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Distribution: Borneo, Sumatra, Thailand, Peninsular Malaysia, Singapore, New Guinea
Altitudinal distribution: 0-1000 m
Typical habitats: Light forests, secondary habitats, peat swamp forest, degraded swamp forest and kerangas areas. Usually found on the forest ground half burried in rotting foliage.
Pitcher size: up to 10 cm high, 7 cm wide The terminus "pitcher plants" is used for a number of different carnivorous plants with pitcher-like leaves. But these features have evolved independently in several genera belonging to different families of plants. Nepenthes are the tropical pitcher plants of the Old World. It's the only genus of the Nepenthaceae family. Higher systematic categories and their relations to the New Worlds Pitcher plants (Sarraceniaceae) are still discussed. The “pitchers” are in fact specially adapted leaves, which fill with water and special chemicals designed to attract, drown and digest small insects. This is an adaptation which allows these plants to survive on very poor soils. The prey found in the pitchers consists not only of insects, but also on plant material. The pitchers seem not to be very attractive for insects. Instead the open mouth collects whatever falls from the forest canopy, animals, feces and plant parts.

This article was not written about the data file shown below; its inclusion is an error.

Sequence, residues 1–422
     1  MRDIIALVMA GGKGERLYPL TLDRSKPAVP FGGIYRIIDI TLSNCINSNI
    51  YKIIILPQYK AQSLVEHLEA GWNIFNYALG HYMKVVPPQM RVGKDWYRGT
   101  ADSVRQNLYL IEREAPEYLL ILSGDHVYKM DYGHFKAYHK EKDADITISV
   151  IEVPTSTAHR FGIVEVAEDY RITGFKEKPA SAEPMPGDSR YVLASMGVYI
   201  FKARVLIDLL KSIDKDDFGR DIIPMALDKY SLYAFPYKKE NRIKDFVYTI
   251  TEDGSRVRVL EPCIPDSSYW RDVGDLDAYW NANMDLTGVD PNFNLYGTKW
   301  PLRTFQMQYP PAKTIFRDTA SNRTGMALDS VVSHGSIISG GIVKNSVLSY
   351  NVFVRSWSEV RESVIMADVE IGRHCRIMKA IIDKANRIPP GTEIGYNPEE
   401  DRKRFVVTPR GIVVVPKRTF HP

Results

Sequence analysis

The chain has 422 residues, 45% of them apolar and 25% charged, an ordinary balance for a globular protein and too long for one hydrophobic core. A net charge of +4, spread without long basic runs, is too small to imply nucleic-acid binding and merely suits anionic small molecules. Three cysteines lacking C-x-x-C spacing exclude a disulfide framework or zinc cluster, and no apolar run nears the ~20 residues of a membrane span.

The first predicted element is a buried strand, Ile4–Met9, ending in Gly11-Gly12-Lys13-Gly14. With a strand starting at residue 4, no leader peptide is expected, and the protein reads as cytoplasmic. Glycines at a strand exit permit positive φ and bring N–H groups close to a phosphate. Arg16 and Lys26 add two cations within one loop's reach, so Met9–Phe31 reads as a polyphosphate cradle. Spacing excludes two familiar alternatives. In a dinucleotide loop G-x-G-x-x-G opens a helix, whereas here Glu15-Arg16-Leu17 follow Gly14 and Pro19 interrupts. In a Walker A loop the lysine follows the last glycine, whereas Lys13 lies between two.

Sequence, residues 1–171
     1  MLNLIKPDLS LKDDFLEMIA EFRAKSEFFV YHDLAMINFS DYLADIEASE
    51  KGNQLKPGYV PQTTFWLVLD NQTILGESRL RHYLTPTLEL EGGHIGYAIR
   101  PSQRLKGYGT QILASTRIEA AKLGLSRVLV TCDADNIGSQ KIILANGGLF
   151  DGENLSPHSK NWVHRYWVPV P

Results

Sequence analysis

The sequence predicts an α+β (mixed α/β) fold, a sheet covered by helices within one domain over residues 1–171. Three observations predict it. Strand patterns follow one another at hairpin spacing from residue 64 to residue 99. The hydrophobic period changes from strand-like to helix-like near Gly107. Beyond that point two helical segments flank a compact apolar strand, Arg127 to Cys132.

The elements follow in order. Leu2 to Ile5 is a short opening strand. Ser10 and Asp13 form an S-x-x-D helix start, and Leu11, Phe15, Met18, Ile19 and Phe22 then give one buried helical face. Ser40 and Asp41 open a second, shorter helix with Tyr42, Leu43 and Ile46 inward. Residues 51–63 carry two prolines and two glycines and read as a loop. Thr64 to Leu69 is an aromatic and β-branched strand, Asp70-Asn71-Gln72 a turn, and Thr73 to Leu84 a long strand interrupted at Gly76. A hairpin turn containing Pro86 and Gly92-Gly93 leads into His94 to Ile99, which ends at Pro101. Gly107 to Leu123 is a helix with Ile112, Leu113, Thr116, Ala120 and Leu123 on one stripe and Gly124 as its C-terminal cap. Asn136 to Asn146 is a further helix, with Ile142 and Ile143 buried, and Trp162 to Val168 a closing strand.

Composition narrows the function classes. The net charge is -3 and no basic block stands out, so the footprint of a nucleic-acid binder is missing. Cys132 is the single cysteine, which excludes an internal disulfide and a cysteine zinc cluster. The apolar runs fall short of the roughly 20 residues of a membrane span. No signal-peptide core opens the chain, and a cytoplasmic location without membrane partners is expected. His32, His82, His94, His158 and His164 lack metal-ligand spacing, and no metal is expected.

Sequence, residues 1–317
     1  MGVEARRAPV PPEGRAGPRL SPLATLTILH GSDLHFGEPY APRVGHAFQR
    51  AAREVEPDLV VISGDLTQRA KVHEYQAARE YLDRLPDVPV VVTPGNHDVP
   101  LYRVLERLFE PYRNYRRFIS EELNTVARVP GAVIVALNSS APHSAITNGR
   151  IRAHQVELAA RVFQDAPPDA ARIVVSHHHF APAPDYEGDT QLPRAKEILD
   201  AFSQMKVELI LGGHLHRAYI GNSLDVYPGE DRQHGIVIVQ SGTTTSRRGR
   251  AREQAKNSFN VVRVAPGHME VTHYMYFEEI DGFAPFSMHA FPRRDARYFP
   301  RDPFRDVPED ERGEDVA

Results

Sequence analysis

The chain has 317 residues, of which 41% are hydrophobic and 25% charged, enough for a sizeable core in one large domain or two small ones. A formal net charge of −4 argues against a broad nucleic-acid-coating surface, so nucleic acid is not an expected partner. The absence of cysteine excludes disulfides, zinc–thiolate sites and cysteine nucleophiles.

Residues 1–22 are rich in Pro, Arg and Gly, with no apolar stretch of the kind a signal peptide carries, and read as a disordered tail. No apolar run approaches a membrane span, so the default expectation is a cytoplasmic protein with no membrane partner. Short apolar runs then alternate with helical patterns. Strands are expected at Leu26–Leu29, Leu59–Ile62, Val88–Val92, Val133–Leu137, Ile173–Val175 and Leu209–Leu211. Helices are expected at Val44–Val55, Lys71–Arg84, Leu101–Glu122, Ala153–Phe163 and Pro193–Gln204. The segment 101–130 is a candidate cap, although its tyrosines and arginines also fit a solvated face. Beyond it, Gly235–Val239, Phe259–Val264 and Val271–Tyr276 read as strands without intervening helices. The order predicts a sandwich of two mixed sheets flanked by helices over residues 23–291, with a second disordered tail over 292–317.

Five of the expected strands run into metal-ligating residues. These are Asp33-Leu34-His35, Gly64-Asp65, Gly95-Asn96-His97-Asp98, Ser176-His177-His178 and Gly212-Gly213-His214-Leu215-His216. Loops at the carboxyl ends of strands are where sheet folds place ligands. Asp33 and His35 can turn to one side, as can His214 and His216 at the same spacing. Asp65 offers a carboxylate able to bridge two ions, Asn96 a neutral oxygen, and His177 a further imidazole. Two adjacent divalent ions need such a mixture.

Distribution: Thailand, Peninsular Malaysia, Singapore, Borneo, Sumatra, Sulawesi
Typical habitats: wet, open areas on every soil, degraded areas
Pitcher size: up to 10 cm high, 3 cm wide
(giant form up to 40 cm!) Nepenthes rafflesiana are the largest and most spectacular of the pitcher-plants commonly seen at Bako. The pitchers can grow to over 30cm long, and are brightly coloured (usually red and white, sometimes (rarely) pure red). They also have large striped “wings” on the sides of the pitchers, fancy “lips” on the mouth of the pitcher, and large lids – making them the Cadillac of pitcher plants. The species name rafflesiana comes from Sir Stamford Raffles, the British founder of Singapore, in whose honour the plant was named. An unusually variable plant. While only few forms are formally described pitcher shape and colour can vary so wide that the extremes look like completely different species. Lower and upper pitchers differ very much.
Endangered species! Though some Nepenthes species are quite common within their distribution range, many others are seriously endangered species. All species of the genus Nepenthes are protected by CITES (Convention on International Trade in Endangered Species of Wild Fauna and Flora). It is illegal to collect them from their natural habitats and to export or trade them without permission. Despite this collectors still hunt for rare species, variations or hybrids.
For this reason we will definitely not trade any plants nor will we tell the places we found them to anybody. For the plants sake we hope for your understanding.